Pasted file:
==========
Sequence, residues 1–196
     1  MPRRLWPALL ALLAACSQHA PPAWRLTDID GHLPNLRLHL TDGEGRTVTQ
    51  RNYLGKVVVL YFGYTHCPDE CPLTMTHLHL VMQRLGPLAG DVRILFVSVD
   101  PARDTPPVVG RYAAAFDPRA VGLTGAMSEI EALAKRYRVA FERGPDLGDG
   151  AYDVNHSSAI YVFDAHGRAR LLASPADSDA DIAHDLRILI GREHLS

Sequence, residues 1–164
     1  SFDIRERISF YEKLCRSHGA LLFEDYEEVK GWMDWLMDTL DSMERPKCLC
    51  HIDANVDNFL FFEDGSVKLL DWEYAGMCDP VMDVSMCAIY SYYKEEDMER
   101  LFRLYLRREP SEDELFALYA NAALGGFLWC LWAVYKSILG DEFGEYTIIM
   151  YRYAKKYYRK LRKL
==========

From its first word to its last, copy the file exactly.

Sequence, residues 1–196
     1  MPRRLWPALL ALLAACSQHA PPAWRLTDID GHLPNLRLHL TDGEGRTVTQ
    51  RNYLGKVVVL YFGYTHCPDE CPLTMTHLHL VMQRLGPLAG DVRILFVSVD
   101  PARDTPPVVG RYAAAFDPRA VGLTGAMSEI EALAKRYRVA FERGPDLGDG
   151  AYDVNHSSAI YVFDAHGRAR LLASPADSDA DIAHDLRILI GREHLS

Sequence, residues 1–164
     1  SFDIRERISF YEKLCRSHGA LLFEDYEEVK GWMDWLMDTL DSMERPKCLC
    51  HIDANVDNFL FFEDGSVKLL DWEYAGMCDP VMDVSMCAIY SYYKEEDMER
   101  LFRLYLRREP SEDELFALYA NAALGGFLWC LWAVYKSILG DEFGEYTIIM
   151  YRYAKKYYRK LRKL